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There’s a buzz about the contemporary art scene in Turkey as collectors splash out millions on the hottest talent. William Greenwood on a happy mix of money and creativity
Istanbul now has the fourth-largest number of billionaires after London, New York and Moscow, and they’re out to spend money on art. Not just any old art, but some of the most up-to-the-minute, cutting-edge art being created anywhere in the world. The contemporary art scene in Turkey is booming, thanks to a happy conjunction of economics, patronage and, obviously, artists. Indeed, the state of the arts in Turkey is the opposite of that in the US or Europe, which are now in what Christopher Knight of the Los Angeles Times has described as “suspended animation”. Of course, excellent artists abounded in Turkey long before the current hype. Over the last 20 years, the Istanbul Biennial and the Contemporary Istanbul art fair have made Turkish art more visible. Works by artists such as Fikret Akay and Emre Hüner are part of Tate Modern’s collection in London, and Kutluğ Ataman, basking in the glow of a well-received Istanbul Modern retrospective, was nominated for the Turner Prize in 2004. Also, Hossein Amirsadeghi and Maryam Homayoun Eisler’s recent publications – Unleashed: Contemporary Art from Turkey and Art and Patronage: The Middle East (see overleaf) – have provided quality reference books on Turkish art and its patrons. The current boom has its roots in the stabilisation of the Turkish economy after 1987. Economic stability is a prerequisite for collecting. As Kerimcan Güleryüz, owner of the influential X-ist gallery, argues, “The willingness to collect comes only after you’ve dealt with the essentials.” The Turkish economy weathered the storm during the recent recession, which created a richer, more confident Turkish art market, and a somewhat poorer Euro-American market looking for bargains. Both of these factors led to large-scale investment in Turkish contemporary art. Now auction houses and dealers are taking notice of its potential. Sotheby’s was the first to offer a purely Turkish contemporary art sale, in 2009, and in April 2011 Bonhams will join the fray with its own dedicated Turkish sale. These auctions have led to record prices for modern Turkish art. At the second Sotheby’s sale, in 2010, highlights included Fahrelnissa Zeid’s Untitled (1958), the first modern Turkish work to exceed $1million at auction, and the rising star Taner Ceylan’s seductive 1881 (from the Lost Painting series), which more than tripled its original estimate to sell for £121,500. This year, Sotheby’s is expecting great things from Mubin Orhon, whose Untitled (1963) is estimated at £200,000–£300,000, while Bonhams has put a £280,000–£340,000 estimate on Erol Akyavaş’s End of Encounter. The Koç, Sabancı and Eczacıbaşı families are pumping millions into building collections, while Turkish banks have continued to provide support for contemporary artists. This positively Renaissance mixing of money and creativity has led to some criticism. The art historian and curator Necmi Sönmez has lambasted the Turkish scene for being “harmless, decorative, hyperrealist and still a monopoly of sales-oriented dealers and the private, mainly bank-sponsored, art spaces and museums”. It’s true that the overtly political or mildly pornographic work of artists such as Extramücadele or Burhan Kum suggests a degree of immaturity. However, much of the art being produced now is highly engaged, politically and socially. There is a lack of the kind of censorship seen in Middle Eastern countries, and the in-your-face provocation of such works is, in and of itself, politically charged. As the art historian Ahu Antmen puts it, the past 20 years in Turkey have seen “a creative effort in which the politics, as much as the aesthetics of representation, played an important part”. The writer and publisher Hossein Amirsadeghi takes issue with Sönmez’s negative view, stating that commerce is always the driving force behind art. At the same time, investing in art is a very brave move indeed: “The risk taken by a dealer, a gallery, a collector or a private sponsor is risk pure and simple. It can blow up in their faces.” And institutions such as Arter, the Koç family’s massive new gallery in downtown Istanbul, provide a forum whereby the public can engage with challenging new art. As Melih Fereli, senior consultant at Arter, puts it, the role of the wealthy collector is that of a “private institution providing a very public service”. Having seen the meteoric rise and catastrophic fall of prices in the Indian and Chinese contemporary art markets, one might predict a similar outcome with Turkish art. But Güleryüz believes that an art “bubble” is not necessarily something to worry about: “Handled properly, it could even be a good thing; when bubbles burst it’s all the bad art which loses value. Good art never loses its worth.” Ada Elgiz is not so sure, pointing out that no Turkish artists have gained a level of fame comparable to those further east. She also notes that “the scene is only just developing here – a Turkish bubble is going to take a long time to form!” With the 12th Istanbul Biennial approaching, could this be Istanbul’s time to join Paris, London and New York as a world-class art hub? “Five years from now,” says Fereli, “when we look back, it will become clear that Istanbul has, for a while now, been positioning itself as a major art centre.”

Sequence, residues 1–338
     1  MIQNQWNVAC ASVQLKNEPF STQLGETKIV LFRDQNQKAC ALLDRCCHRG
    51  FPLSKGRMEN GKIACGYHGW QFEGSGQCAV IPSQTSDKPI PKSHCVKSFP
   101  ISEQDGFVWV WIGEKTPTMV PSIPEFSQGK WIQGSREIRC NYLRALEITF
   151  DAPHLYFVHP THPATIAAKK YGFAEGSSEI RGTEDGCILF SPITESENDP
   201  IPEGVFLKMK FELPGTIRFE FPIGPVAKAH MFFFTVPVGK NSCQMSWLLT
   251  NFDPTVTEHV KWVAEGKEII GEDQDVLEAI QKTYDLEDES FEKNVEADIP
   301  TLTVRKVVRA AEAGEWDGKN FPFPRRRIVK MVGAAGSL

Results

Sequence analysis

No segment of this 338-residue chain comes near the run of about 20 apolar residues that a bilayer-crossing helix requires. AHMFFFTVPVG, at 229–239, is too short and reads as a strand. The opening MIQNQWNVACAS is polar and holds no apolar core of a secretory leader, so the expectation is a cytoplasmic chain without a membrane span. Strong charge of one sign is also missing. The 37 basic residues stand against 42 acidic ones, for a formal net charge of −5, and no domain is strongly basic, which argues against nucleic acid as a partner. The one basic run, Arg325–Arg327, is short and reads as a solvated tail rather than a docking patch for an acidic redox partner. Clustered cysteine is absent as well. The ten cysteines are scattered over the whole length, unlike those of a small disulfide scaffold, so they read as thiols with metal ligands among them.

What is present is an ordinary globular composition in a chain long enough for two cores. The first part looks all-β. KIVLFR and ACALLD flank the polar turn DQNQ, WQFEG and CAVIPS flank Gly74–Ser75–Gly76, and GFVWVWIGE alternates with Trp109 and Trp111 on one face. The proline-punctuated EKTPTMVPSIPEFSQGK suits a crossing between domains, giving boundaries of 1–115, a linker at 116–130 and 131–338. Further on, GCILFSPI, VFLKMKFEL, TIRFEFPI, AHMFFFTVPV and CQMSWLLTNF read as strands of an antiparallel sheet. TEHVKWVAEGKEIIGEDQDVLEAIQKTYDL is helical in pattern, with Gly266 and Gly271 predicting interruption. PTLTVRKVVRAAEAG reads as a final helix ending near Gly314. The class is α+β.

The İzbeli family have owned a country konak south of Kastamonu since the 17th century. Today the house, with its magnificent barns, is one of the best-preserved Ottoman country houses in Turkey
The jewel in Kastamonu’s crown is a mosque in Kasaba, a tiny village with a flock or two of sheep, guarded by shepherdesses, in a sea of wheat fields. Built in 1366, the Mosque of Mahmut Bey is a brilliant relic of the golden age of the Anatolian beyliks, the warring principalities that flourished when the great Byzantine and Seljuk empires were in decline
At London’s inaugural Wines of Turkey jamboree, Kevin Gould hears how the country’s winemakers are cultivating a taste for their distinctive products
Strawberries growing in the wild are gems of mouth-watering delight that bear little relation to the showy, insipid-tasting fruit on supermarket shelves. But there are still good garden strawberries to be found. Berrin Torolsan encourages us to seek out locally grown, seasonal fruit bursting with fragrance. Her simple recipes celebrate the best of berries
John Frederick Lewis (1804–76), was the supreme orientalist, fêted for his sumptuous Ottoman scenes. The secret of his success, says Briony Llewellyn, lies in the vivid sketches he made during his time in the East
Intrigued by the fate of the glorious houses built by Azerbaijan’s first oil barons at the turn of the 20th century, Brigid Keenan and photographer Tim Beddow track down all that remains of those glory days